|Gregory Rasputin, Priest/Hypnotist/Seducer|
at the Court of Imperial Russia
Can hypnosis actually be used to compel obedience, when there is no underlying wish to comply? Some years ago, I was asked to testify in the case of a man who had falsely advertised himself as a psychologist and had begun hypnotizing teen-age girls in the area, one of whom subsequently accused him of rape. In order to make its case that hypnosis could be used to compel behavior, the prosecution had pointed to an incident in Eastern Europe several decades earlier, in which a stage hypnotist had handed a man a pistol loaded with blanks and commanded the man to shoot him. The hypnotized subject, who was an off-duty police officer, drew a loaded revolver from his pocket and shot three members of the audience. The defense, on the other hand, was prohibited from pointing to the girl's behavior in the neighborhood as evidence that she could have been voted "the girl most likely to. . . ."
Carla Emery, who was herself the victim of an abusive love relationship in which hypnosis was present, even went so far as to conclude that the practice of hypnosis involved a vast conspiracy which was designed to protect the income of those who used it, while preserving the freedom of those who would employ it for anti-social purposes to continue to do so!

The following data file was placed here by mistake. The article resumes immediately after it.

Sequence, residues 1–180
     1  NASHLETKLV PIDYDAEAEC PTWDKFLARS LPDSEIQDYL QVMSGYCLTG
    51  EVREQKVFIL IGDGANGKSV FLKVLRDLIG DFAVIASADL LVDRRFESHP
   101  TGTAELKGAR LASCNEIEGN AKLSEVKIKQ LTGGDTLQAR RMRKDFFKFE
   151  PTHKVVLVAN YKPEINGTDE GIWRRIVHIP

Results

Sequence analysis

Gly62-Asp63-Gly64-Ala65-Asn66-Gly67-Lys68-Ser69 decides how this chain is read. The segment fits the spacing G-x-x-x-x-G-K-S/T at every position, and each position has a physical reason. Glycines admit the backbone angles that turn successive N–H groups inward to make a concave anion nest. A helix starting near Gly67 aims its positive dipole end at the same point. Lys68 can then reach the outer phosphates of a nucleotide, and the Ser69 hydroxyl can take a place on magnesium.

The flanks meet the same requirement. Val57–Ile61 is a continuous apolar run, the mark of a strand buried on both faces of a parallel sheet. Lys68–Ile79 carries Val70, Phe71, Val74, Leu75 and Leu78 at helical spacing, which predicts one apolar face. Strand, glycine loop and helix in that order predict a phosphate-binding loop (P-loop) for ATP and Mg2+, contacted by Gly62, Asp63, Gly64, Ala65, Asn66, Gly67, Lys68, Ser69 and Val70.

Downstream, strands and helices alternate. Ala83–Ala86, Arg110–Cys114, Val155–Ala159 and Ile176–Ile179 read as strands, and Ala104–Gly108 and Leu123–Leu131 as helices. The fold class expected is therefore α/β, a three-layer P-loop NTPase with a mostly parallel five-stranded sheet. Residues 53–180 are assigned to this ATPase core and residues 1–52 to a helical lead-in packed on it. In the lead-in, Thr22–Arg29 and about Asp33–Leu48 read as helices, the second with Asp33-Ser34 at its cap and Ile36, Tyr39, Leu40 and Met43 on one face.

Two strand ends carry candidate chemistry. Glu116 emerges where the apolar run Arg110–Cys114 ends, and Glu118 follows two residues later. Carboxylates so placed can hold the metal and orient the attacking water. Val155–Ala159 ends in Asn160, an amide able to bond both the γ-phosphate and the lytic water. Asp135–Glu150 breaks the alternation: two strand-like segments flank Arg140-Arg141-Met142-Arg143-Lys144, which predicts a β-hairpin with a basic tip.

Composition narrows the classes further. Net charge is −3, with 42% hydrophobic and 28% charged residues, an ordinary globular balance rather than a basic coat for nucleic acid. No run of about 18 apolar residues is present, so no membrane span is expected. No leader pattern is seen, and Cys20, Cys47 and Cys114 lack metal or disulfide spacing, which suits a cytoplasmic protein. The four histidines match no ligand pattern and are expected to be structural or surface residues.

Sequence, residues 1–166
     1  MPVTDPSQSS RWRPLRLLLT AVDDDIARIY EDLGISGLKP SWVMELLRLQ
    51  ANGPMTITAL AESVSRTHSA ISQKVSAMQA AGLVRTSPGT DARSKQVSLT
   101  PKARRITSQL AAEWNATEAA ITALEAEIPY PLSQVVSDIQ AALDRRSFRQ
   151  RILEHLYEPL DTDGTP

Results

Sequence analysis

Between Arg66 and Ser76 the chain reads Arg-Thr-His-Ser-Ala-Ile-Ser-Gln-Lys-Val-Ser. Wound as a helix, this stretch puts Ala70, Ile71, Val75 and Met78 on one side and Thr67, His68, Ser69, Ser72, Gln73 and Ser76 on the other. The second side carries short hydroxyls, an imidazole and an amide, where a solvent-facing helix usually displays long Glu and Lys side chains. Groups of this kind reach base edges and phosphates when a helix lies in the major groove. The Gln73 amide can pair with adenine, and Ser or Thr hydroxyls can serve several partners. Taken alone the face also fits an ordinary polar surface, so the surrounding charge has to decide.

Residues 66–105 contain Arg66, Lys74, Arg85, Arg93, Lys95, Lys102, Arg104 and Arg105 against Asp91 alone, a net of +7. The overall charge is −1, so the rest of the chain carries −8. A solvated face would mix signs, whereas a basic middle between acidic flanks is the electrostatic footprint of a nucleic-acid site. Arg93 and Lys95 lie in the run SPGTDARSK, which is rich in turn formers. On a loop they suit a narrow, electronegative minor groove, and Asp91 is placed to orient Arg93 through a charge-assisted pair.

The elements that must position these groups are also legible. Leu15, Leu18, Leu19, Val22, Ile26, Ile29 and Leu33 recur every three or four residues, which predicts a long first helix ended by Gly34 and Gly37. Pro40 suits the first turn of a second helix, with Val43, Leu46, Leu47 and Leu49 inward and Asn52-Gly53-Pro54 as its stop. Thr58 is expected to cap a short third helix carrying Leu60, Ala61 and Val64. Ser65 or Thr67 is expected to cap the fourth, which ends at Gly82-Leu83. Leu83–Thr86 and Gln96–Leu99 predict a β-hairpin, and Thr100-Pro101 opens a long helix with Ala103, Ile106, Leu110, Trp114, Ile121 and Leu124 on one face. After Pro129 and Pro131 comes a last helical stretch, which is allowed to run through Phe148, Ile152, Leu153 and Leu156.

With regard to the possibility of seduction under hypnosis, the problem is not with hypnosis itself, but with the power differential which is inherent in a therapeutic relationship. This trust must never be abused. The responsibility always lies with the person in authority, whether a physician, psychologist, priest, teacher, an attorney -- or a hypnotist. It is necessary for the trusted person to maintain strong boundaries and to stop any inappropriate relationships from developing, even if a client displays seductive behavior due to transference, a personality disorder, or mental illness. A teenager would be especially susceptible to such suggestions; and If she subsequently accused the hypnotist of rape, then chances are, he may have abused his position of trust and authority in order to have sexual relations with his client, which is tantamount to rape. Therefore, the prosecution's mistake was to attack hypnosis, rather than the power which the hypnotist (who had falsely advertised himself a psychologist) had abused while hypnosis was present.
Instances such as these tend to be reported in great detail by the media, and are amplified still further by depictions of hypnosis in fiction. Because of the publicity which results from them, there are many people who will not have anything to do with hypnosis . And because these abuses continue to surface from time to time, the public is probably never going to be won over completely, despite our repeated assurances that hypnosis is perfectly safe when used by trained and ethical professionals.
(I am grateful to Dr. Annette K. Schreiber for her collaboration and assistance in the preparation of this posting.)
See also the following print sources: